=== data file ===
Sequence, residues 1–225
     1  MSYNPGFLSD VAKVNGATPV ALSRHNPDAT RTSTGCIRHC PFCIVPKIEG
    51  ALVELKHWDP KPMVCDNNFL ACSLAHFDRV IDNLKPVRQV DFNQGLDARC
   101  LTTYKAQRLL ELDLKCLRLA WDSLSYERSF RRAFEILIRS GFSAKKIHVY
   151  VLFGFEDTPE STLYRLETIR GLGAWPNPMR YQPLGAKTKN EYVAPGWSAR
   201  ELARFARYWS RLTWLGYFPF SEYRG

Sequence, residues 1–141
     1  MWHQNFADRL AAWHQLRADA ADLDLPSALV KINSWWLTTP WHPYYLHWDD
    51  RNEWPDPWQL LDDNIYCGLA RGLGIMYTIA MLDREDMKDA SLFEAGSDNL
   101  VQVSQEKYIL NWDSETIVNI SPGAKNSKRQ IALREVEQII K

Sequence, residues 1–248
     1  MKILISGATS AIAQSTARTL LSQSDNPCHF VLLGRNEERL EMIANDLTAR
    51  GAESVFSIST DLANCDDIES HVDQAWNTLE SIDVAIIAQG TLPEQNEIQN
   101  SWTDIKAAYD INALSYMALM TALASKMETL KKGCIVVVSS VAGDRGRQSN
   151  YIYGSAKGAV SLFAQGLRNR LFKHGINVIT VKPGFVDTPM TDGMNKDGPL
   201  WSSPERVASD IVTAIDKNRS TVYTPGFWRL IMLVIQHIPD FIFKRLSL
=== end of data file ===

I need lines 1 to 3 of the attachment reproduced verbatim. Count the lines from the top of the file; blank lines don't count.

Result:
Sequence, residues 1–225
     1  MSYNPGFLSD VAKVNGATPV ALSRHNPDAT RTSTGCIRHC PFCIVPKIEG
    51  ALVELKHWDP KPMVCDNNFL ACSLAHFDRV IDNLKPVRQV DFNQGLDARC